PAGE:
Less than a year ago, I barely made enough to pay the bills, let alone sleep soundly. After a few months of working as a freelance consultant, I’m obligated to say it isn’t easy, but it is rewarding. Even though my income keeps multiplying, I’m not talking about the money.
Starting a business isn’t rocket science, but there’s a lot of red tape. Things are scary at first. You take on things you didn’t know existed, all in the name of more work. But it’s worth it—it really is. You can do it too. Open to questions as always.
Start at the bottom
Learn your trade. Work for different types of organizations, large and small. Don’t be too picky at first. Stick it out. Wait until you’re bored and making up your own deliverables. If you know what you want, you’ll get there. Experience is what matters.
Talk to other freelancers
Whether you have a friend in iOS development or landscape architecture, it doesn’t matter, really. We all have to know the same basic business laws. Buy your friend a beer or two, or find yourself a mentor.
Don’t quit your day job yet
Leaving the so-called security of a salary and a healthcare plan can be scary. There are options out there, though. I recommend you research them and save up a little cash before putting in your two-week notice.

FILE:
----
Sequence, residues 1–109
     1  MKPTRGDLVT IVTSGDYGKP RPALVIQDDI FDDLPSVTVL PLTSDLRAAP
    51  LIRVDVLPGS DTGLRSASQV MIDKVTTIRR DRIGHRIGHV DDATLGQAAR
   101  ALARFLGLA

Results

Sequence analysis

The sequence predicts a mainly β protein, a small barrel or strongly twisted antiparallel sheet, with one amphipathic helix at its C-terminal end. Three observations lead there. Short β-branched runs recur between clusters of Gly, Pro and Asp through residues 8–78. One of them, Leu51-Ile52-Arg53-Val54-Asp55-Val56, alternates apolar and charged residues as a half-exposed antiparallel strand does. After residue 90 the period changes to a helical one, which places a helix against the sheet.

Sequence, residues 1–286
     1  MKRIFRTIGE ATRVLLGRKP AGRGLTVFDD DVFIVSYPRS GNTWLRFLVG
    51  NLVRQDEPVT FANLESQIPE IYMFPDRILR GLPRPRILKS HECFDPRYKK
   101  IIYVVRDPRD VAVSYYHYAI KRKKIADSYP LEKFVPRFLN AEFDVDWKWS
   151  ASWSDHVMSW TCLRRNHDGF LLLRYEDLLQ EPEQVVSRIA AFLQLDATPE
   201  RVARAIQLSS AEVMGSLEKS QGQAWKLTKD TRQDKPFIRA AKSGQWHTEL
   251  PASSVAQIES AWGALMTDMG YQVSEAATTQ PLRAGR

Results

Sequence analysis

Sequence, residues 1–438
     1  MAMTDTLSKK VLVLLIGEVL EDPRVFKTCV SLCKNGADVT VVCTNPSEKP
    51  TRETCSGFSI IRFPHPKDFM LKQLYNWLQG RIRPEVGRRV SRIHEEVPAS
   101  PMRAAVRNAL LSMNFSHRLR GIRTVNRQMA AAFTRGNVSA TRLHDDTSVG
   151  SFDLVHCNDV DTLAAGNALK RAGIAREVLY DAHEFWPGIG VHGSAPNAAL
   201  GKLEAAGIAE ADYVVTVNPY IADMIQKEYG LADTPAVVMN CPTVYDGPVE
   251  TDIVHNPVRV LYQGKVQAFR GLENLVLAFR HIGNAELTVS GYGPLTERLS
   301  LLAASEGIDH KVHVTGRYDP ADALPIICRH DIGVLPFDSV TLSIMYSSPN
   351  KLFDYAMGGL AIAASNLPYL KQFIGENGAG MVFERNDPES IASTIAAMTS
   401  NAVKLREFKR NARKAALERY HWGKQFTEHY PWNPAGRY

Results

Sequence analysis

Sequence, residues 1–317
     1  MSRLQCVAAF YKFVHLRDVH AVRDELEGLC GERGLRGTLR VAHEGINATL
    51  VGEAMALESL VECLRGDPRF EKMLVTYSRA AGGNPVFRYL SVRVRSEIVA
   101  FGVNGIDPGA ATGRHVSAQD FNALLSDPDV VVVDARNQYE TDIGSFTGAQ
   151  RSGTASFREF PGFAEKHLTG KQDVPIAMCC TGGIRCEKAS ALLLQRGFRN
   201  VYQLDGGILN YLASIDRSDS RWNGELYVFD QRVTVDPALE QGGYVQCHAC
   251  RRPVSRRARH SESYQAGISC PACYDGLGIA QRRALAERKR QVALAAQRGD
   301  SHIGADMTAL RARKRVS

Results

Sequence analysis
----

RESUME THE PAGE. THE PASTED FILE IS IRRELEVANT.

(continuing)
Charge fairly—for yourself
When you work for yourself, your time is valuable. Don’t work for free. If you help a friend, trade for something else. Depending on your situation, you probably need insurance, internet access, and administrative tools. Include those costs in your rate.
If you work for an agency, they’re most likely charging clients more than double your potential hourly rate. Part of that is to pay for benefits, office rent, legal protections, and snacks. The other part is them banking on you wanting a sense of security and paying for it.
Don’t underbid yourself. Research what other people make hourly. Don’t think your rate is your salary divided by 2080. It isn’t. You have to charge fairly. As they say, freelance is “feast or famine.” One more thing about your rate: don’t apologize for it. If you charge $100 an hour, just say, “I charge $100 an hour.”
Contracts are your friend
Statements of work are important for defining goals and deliverables, but you should get your client to sign your independent contractor agreement. I mean, if you want to get paid.
Put that tax money away, for reals
When you’re ready, get a business bank account. Put your tax withholdings in savings. In California, it works out to be about 30% of whatever you earn.
Indispensable resources from my colleagues:
Working for Yourself by Attorney Stephen Fishman. Covers everything you need to know about federal taxes, contracts, employment protections, and statements of work. Freelance Switch.com: great site with articles on everything from how to get paid to what the best time tracking program is. It’s Harvest, by the way.
I wouldn’t be where I am today if I didn’t know Scott Gilfoil, Colin Barrett, Keri Maijala, Andreas Stavropolous, Chris Grecean, Tracey Thompson, and Tiffani Jones Brown. Thank you.